the corresponding eigenvalues $$\varLambda _{k,\ell }$$ are

\begin{aligned} \varLambda _{k,\ell } = R(-\Delta t \lambda _k) R(-\Delta t \lambda _\ell ) + \delta _{k, \ell }\,\Delta t \mu _k \, r_\mathrm {d}^{-1}(-\Delta t \lambda _k)r_\mathrm {d}^{-1}(-\Delta t \lambda _\ell ). \end{aligned}

Using a Milstein scheme instead, we obtain for $$\mathscr {S}$$ in Proposition 3.2 with similar computations as before and the observations that the commutativity condition in Remark 3.1 is fulfilled and that $$\Delta [\beta _k,\beta _\ell ]^j =\delta _{k, \ell } \Delta t$$

\begin{aligned} \varLambda _{k,\ell } = R(-\Delta t \lambda _k) R(-\Delta t \lambda _\ell ) + \delta _{k, \ell }\,r_\mathrm {d}^{-1}(-\Delta t \lambda _k)r_\mathrm {d}^{-1}(-\Delta t \lambda _\ell )\left( \Delta t \mu _k + \Delta t^2\mu _k^2/2\right) . \end{aligned}

Note that for both operators $$\mathscr {S}$$, the eigenvalues $$\varLambda _{k,\ell }$$ with $$k\ne \ell$$ satisfy

\begin{aligned} |\varLambda _{k,\ell }| = |R(-\Delta t \lambda _k) R(-\Delta t \lambda _\ell )| \le R(-\Delta t \lambda _s)^2 \le \varLambda _{s,s}, \end{aligned}

where $$|R(-\Delta t \lambda _s)| = \max _{j = 1,\dots ,N_h}|R(-\Delta t \lambda _j)|$$. Hence, $$\rho (\mathscr {S}) < 1$$ is equivalent to $$|\varLambda _{k,k}| <1$$ for all $$k=1,\dots ,N_h$$. In Table 1 the eigenvalues $$\varLambda _{k,k}$$ and sufficient and necessary conditions for asymptotic mean-square stability are collected.

As it is noted above, (4.1) is asymptotically mean-square stable if and only if the condition $$-2 \lambda _1 + \mu _1 < 0$$ holds. As can be seen from Table 1 and the choice of the eigenvalues, the Euler–Maruyama scheme (3.5) with backward Euler and Crank–Nicolson rational approximation shares this property without any restriction on $$V_h$$ and $$\Delta t$$. In Fig. 1a the qualitative behaviour of the Euler–Maruyama method with the three rational approximations in Theorem 3.1 is compared. We choose our parameters to be $$\nu =1$$, $$N_h = 15$$, and $$\mu _i = i^{-3}$$ for $$i \in \mathbb {N}$$, i.e., $$C_\mu = 1$$ and $$\alpha = 3$$. Since $$-2\lambda _1 + C_\mu = -2\pi ^2 + 1 < 0$$, the analytical solution to (4.1) is asymptotically mean-square stable.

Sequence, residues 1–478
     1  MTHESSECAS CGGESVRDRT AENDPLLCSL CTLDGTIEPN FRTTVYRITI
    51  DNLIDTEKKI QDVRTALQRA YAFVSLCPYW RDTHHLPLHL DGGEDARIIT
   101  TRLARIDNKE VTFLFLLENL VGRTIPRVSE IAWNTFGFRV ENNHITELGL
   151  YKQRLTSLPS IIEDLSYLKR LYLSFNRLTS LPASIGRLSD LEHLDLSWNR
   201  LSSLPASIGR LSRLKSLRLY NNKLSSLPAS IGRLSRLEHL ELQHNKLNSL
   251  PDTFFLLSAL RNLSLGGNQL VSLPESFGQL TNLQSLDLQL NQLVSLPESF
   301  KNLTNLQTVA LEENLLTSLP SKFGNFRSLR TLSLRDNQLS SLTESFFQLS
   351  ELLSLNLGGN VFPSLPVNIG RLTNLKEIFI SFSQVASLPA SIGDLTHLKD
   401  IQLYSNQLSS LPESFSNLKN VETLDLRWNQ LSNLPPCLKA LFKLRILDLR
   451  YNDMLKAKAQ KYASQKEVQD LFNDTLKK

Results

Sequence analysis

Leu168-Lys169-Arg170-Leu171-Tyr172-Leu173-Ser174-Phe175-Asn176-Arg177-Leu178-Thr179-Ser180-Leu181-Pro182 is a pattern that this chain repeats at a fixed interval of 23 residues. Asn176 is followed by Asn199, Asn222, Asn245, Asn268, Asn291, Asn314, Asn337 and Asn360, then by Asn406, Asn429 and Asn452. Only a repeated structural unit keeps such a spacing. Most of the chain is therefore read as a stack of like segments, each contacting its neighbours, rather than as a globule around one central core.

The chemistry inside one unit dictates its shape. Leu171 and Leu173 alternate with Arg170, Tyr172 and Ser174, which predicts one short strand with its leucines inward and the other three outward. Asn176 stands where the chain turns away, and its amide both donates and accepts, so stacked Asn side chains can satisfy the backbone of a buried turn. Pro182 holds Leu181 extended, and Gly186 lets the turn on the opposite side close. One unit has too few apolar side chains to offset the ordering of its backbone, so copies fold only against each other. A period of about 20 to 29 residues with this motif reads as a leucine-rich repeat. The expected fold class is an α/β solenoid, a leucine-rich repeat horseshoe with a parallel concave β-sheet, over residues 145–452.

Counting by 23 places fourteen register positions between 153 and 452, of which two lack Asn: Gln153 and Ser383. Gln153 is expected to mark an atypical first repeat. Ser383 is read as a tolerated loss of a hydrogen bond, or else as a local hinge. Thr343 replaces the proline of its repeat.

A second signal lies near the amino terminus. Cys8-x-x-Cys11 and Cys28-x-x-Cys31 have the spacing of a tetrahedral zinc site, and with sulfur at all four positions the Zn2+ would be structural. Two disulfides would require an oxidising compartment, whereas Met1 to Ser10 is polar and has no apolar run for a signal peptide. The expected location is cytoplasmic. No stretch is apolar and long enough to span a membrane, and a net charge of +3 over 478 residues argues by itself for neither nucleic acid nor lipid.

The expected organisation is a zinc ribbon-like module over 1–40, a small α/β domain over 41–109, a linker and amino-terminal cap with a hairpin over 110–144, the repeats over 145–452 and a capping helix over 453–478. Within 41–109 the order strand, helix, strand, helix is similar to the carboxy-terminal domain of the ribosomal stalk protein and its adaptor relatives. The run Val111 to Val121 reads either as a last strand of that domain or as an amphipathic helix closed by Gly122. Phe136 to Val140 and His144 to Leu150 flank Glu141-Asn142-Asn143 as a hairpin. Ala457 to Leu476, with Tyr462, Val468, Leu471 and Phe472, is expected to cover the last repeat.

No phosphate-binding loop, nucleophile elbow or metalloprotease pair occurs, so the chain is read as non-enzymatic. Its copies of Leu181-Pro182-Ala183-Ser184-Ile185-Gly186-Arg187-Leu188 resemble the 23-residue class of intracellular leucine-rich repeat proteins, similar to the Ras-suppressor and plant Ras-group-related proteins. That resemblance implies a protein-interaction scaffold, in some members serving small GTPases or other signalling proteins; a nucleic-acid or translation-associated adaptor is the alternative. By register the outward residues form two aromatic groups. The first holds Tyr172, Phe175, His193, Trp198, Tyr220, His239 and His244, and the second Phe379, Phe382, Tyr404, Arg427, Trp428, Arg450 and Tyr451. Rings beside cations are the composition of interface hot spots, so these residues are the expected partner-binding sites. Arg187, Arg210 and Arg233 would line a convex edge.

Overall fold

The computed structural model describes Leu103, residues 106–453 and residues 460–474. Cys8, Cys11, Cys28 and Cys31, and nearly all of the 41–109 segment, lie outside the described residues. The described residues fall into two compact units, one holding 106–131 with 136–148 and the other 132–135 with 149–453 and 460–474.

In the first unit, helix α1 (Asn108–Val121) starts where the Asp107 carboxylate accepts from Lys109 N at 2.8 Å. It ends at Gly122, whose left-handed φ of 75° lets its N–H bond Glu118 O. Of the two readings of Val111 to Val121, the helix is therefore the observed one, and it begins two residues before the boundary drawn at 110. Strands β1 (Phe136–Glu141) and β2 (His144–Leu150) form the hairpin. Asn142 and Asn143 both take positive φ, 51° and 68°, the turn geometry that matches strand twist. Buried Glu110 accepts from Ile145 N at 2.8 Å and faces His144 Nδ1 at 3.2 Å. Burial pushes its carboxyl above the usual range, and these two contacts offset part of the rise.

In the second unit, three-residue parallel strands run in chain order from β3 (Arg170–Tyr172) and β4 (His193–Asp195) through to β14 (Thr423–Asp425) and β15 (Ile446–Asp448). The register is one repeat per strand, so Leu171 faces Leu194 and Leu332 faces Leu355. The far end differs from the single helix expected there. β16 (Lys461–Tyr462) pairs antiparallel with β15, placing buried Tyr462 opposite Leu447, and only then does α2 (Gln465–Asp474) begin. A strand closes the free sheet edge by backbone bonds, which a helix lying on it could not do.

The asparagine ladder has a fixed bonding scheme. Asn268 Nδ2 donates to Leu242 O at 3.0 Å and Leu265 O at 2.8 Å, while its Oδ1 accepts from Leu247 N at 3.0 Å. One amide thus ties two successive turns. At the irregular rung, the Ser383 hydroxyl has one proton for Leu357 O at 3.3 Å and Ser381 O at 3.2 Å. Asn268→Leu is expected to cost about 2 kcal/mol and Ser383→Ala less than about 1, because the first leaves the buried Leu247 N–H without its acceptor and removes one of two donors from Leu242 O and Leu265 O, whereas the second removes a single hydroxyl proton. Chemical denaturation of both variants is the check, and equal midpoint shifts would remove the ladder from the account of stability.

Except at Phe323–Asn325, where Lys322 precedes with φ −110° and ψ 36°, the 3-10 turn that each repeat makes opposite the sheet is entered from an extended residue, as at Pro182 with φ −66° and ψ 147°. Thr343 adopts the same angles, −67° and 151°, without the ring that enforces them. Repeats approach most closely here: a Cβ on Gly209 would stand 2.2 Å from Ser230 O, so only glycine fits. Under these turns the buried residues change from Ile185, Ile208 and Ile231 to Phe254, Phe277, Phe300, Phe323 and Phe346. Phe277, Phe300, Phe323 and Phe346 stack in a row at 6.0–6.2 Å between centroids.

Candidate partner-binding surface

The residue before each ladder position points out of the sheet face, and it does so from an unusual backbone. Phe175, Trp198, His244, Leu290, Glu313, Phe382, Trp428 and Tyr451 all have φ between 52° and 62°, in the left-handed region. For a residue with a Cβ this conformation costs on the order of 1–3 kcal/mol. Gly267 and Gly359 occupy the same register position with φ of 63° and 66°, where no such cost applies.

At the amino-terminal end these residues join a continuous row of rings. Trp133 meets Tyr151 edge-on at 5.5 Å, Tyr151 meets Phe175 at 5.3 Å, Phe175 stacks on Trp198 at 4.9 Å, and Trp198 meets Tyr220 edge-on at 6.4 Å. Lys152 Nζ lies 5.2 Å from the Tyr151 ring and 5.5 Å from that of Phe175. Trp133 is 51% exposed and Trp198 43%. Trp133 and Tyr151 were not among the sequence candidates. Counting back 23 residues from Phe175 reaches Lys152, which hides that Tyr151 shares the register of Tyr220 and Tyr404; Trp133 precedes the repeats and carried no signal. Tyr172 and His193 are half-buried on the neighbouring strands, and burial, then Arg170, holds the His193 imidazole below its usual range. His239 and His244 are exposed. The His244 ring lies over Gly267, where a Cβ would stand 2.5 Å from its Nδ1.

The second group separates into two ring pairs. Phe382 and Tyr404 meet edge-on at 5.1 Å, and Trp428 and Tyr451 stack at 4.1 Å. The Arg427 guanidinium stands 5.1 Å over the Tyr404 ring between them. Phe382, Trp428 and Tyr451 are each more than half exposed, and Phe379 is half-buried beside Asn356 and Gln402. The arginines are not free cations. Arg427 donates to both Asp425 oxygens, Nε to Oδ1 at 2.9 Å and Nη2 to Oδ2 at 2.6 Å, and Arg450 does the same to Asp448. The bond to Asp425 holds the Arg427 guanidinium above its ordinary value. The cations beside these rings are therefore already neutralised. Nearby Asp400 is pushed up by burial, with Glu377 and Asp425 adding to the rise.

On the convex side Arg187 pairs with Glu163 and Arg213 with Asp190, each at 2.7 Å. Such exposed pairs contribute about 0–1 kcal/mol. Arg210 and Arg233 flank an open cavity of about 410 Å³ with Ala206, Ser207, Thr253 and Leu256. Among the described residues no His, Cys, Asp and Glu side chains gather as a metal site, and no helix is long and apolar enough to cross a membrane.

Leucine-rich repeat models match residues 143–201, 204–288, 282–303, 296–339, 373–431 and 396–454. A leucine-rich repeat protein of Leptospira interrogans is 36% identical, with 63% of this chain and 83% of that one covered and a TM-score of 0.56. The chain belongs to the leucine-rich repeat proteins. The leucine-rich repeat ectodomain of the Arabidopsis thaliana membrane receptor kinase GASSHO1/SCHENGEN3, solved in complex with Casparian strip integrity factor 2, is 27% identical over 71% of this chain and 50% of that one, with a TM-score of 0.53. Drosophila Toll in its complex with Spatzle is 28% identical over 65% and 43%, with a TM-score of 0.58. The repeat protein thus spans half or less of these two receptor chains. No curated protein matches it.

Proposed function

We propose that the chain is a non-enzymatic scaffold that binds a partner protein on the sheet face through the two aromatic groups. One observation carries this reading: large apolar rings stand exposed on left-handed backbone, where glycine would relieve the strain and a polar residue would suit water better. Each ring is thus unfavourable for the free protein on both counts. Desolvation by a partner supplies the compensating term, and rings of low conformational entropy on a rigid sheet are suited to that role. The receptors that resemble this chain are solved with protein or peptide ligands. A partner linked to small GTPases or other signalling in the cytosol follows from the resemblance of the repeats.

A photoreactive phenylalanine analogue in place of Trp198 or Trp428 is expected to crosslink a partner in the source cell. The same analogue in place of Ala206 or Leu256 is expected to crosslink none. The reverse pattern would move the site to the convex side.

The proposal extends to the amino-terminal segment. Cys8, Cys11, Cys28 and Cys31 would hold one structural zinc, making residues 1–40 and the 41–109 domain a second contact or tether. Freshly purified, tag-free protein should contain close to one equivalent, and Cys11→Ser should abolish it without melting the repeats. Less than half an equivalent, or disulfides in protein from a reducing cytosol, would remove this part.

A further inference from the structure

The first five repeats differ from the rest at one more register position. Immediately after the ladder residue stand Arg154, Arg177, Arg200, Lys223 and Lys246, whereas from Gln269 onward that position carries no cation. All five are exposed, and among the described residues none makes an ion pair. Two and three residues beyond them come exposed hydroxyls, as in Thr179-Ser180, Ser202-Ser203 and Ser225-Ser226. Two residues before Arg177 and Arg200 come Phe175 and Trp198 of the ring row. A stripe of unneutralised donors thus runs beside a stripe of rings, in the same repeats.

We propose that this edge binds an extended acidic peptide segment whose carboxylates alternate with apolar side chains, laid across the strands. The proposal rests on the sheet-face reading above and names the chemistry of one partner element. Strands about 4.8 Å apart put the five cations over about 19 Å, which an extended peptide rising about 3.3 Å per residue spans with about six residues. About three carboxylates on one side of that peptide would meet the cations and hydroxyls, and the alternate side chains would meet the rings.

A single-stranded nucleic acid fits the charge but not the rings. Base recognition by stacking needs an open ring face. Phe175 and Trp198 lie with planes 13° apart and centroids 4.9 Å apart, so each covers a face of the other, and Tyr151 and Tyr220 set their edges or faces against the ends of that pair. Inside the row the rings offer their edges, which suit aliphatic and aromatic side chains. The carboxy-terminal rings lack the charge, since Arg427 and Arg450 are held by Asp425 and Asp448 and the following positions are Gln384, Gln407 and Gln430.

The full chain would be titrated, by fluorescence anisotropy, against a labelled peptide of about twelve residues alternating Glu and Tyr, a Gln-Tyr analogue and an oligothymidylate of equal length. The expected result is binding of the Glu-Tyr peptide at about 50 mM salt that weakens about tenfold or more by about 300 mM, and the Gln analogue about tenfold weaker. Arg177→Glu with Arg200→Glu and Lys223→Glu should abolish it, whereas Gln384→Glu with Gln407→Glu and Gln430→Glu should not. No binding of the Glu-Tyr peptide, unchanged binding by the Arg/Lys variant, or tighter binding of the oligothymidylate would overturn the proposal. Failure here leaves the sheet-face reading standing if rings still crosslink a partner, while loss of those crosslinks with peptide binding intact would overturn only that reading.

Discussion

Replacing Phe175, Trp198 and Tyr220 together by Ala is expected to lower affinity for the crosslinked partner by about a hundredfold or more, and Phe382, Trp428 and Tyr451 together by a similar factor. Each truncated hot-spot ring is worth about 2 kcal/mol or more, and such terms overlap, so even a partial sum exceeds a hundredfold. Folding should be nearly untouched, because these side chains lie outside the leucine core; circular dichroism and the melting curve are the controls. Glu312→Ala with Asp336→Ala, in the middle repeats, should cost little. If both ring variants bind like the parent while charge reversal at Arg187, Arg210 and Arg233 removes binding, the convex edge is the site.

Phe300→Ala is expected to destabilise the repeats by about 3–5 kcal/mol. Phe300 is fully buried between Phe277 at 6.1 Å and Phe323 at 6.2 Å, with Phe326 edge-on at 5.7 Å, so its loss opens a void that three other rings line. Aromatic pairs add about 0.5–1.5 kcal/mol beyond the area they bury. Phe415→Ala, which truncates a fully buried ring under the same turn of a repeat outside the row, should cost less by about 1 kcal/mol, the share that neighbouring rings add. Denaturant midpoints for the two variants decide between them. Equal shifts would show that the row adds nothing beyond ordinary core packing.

For the approximation of $$\mathbb {E}[\Vert X_h^j\Vert _H^2]$$ we use $$M = 10^6$$ samples in a Monte Carlo simulation, i.e., we approximate

\begin{aligned} \mathbb {E}\left[ \Vert X_h^j\Vert _H^2\right] \approx \text {MS}_X(t_j) = \frac{1}{M} \sum _{i=1 }^M \sum _{k=1}^{N_h} |\widehat{x}_k^{j,(i)}|^2, \end{aligned}

where $$(\widehat{x}_k^{j,(i)},i=1,\dots ,M)$$ consists of independent samples of numerical approximations of $$x_k(t_j)$$ with different schemes. The reference solution is

\begin{aligned} \mathbb {E}\left[ \Vert X_h(t) \Vert _H^2\right] = \sum _{k=1}^{N_h} \mathbb {E}\left[ |x_k(t)|^2\right] = \sum _{k=1}^{N_h} \langle X_0,e_k \rangle _H^2 \exp \left( (-2\lambda _k + \mu _k)t \right) . \end{aligned}

As it can be seen in Fig. 1a, the backward Euler and the Crank–Nicolson scheme reproduce the mean-square stability of (4.1) already for large time step sizes ($$\Delta t = 1/25$$), but the forward Euler scheme requires a 44 times smaller $$\Delta t$$. Here, the finest time step size is given by $$\Delta t = 1/1100$$ which satisfies the restrictive bound in Table 1 such that $$\rho (\mathscr {S}) < 1$$. Due to a rapid amplification of oscillations caused by negative values of $$X_h^j$$ for coarser time step sizes outside the stability region (i.e. $${\Delta t = 1/1000}$$ and 1 / 1050), the mean-square process deviates rapidly from the reference solution at a certain time point.

In Fig. 1b the qualitative behaviour of the Euler–Maruyama and Milstein schemes with a backward Euler rational approximation on the time interval [0, 5] is compared. The parameters $$\nu = 8/(5\pi ^4)$$ and $$\mu _i = 3/10\, i^{-3}$$ are chosen such that the Milstein scheme is asymptotically mean-square unstable for $$\Delta t = 1.25$$ and asymptotically mean-square stable for $$\Delta t = 0.25$$ while the Euler–Maruyama scheme is asymptotically mean-square stable for both choices. These theoretical results are reproduced in the simulation.

### 4.2 Galerkin finite element methods